The decomposition of cloud–aerosol forcing in the UK Earth System Model (UKESM1)

Grosvenor, Daniel P.; Carslaw, Kenneth S.

Climate variability in the North Atlantic influences processes such as hurricane activity and droughts. Global model simulations have identified aerosol–cloud interactions (ACIs) as an important driver of sea surface temperature variability via surface aerosol forcing. However, ACIs are a major cause of uncertainty in climate forcing; therefore, caution is needed in interpreting the results from coarse-resolution, highly parameterized global models.

Here, we separate and quantify the components of the surface shortwave effective radiative forcing (ERF) due to aerosol in the atmosphere-only version of the UK Earth System Model (UKESM1) and evaluate the cloud properties and their radiative effects against observations. We focus on a northern region of the North Atlantic (NA) where stratocumulus clouds dominate (denoted the northern NA region) and a southern region where trade cumulus and broken stratocumulus dominate (southern NA region). Aerosol forcing was diagnosed using a pair of simulations in which the meteorology is approximately fixed via nudging to analysis; one simulation has pre-industrial (PI) and one has present-day (PD) aerosol emissions. This model does not include aerosol effects within the convective parameterization (but aerosol does affect the clouds associated with detrainment) and so it should be noted that the representation of aerosol forcing for convection is incomplete.

Contributions to the surface ERF from changes in cloud fraction (inline-formulafc), in-cloud liquid water path (LWPinline-formulaic) and droplet number concentration (inline-formulaNd) were quantified. Over the northern NA region, increases in inline-formulaNd and LWPinline-formulaic dominate the forcing. This is likely because the already-high inline-formulafc there reduces the chances of further large increases in inline-formulafc and allows cloud brightening to act over a larger region. Over the southern NA region, increases in inline-formulafc dominate due to the suppression of rain by the additional aerosols. Aerosol-driven increases in macrophysical cloud properties (LWPinline-formulaic and inline-formulafc) will rely on the response of the boundary layer parameterization, along with input from the cloud microphysics scheme, which are highly uncertain processes.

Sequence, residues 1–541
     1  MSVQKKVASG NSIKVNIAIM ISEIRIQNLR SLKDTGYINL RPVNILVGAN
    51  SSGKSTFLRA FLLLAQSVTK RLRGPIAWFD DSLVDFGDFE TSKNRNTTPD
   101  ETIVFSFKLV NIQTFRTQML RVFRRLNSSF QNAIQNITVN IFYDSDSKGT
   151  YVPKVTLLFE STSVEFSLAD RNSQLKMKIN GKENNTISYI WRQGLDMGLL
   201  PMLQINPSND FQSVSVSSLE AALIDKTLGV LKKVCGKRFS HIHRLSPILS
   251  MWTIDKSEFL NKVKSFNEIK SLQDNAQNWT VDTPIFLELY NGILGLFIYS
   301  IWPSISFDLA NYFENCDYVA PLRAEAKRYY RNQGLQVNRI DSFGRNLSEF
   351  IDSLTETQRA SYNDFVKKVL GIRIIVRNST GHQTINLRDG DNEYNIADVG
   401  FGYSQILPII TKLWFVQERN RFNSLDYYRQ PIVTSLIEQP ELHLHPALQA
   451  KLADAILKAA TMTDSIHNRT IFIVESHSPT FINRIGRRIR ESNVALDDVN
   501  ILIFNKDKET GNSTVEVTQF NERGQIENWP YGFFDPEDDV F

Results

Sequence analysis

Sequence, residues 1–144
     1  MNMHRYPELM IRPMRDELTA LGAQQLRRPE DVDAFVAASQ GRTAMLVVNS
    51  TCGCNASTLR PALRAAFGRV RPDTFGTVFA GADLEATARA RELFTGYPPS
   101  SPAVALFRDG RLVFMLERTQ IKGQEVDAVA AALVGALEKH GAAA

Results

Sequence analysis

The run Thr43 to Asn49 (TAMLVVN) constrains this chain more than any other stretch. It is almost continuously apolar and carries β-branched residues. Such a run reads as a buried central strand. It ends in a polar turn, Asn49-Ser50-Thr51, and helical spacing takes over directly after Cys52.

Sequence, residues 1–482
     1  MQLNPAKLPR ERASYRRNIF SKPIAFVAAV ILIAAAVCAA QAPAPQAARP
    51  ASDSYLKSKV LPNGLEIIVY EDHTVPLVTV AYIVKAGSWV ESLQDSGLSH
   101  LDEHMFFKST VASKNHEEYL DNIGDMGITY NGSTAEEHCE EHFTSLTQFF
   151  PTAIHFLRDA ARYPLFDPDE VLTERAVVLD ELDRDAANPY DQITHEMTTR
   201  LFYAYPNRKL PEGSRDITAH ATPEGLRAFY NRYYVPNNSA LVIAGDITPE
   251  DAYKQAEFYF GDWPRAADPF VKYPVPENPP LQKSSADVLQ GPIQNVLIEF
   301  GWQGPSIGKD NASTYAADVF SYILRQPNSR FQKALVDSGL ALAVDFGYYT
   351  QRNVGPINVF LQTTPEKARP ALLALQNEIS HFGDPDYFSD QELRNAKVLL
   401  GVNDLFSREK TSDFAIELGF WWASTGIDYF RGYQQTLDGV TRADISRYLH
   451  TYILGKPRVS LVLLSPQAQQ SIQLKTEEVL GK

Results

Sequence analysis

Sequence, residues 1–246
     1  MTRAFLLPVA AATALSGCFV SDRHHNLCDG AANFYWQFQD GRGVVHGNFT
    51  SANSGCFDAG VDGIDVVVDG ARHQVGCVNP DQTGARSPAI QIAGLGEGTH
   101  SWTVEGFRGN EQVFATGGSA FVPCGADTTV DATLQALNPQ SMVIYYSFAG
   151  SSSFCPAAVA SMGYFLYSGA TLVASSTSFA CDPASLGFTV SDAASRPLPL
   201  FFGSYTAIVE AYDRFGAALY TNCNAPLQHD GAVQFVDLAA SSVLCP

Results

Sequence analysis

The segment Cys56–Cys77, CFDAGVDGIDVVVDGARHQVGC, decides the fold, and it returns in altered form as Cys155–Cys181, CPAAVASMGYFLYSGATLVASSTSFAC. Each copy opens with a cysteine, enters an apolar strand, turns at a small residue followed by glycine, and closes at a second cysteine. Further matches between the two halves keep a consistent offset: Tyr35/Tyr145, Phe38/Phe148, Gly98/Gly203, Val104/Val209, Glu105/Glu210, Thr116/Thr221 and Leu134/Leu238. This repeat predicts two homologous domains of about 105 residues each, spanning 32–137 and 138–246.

Model grid boxes with low-altitude clouds present in both the PI and PD dominate the forcing in both regions. In the northern NA, the brightening of completely overcast low cloud scenes (100 % cloud cover, likely stratocumulus) contributes the most, whereas in the southern NA the creation of clouds with inline-formulafc of around 20 % from clear skies in the PI was the largest single contributor, suggesting that trade cumulus clouds are created in response to increases in aerosol. The creation of near-overcast clouds was also important there.

page15682The correct spatial pattern, coverage and properties of clouds are important for determining the magnitude of aerosol forcing, so we also assess the realism of the modelled PD clouds against satellite observations. We find that the model reproduces the spatial pattern of all the observed cloud variables well but that there are biases. The shortwave top-of-the-atmosphere (SWinline-formulaTOA) flux is overestimated by 5.8 % in the northern NA region and 1.7 % in the southern NA, which we attribute mainly to positive biases in low-altitude inline-formulafc. inline-formulaNd is too low by inline-formula−20.6 % in the northern NA and too high by 21.5 % in the southern NA but does not contribute greatly to the main SWinline-formulaTOA biases. Cloudy-sky liquid water path mainly shows biases north of Scandinavia that reach between 50 % and 100 % and dominate the SWinline-formulaTOA bias in that region.

The large contribution to aerosol forcing in the UKESM1 model from highly uncertain macrophysical adjustments suggests that further targeted observations are needed to assess rain formation processes, how they depend on aerosols and the model response to precipitation in order to reduce uncertainty in climate projections.



Grosvenor, Daniel P. / Carslaw, Kenneth S.: The decomposition of cloud–aerosol forcing in the UK Earth System Model (UKESM1). 2020. Copernicus Publications.


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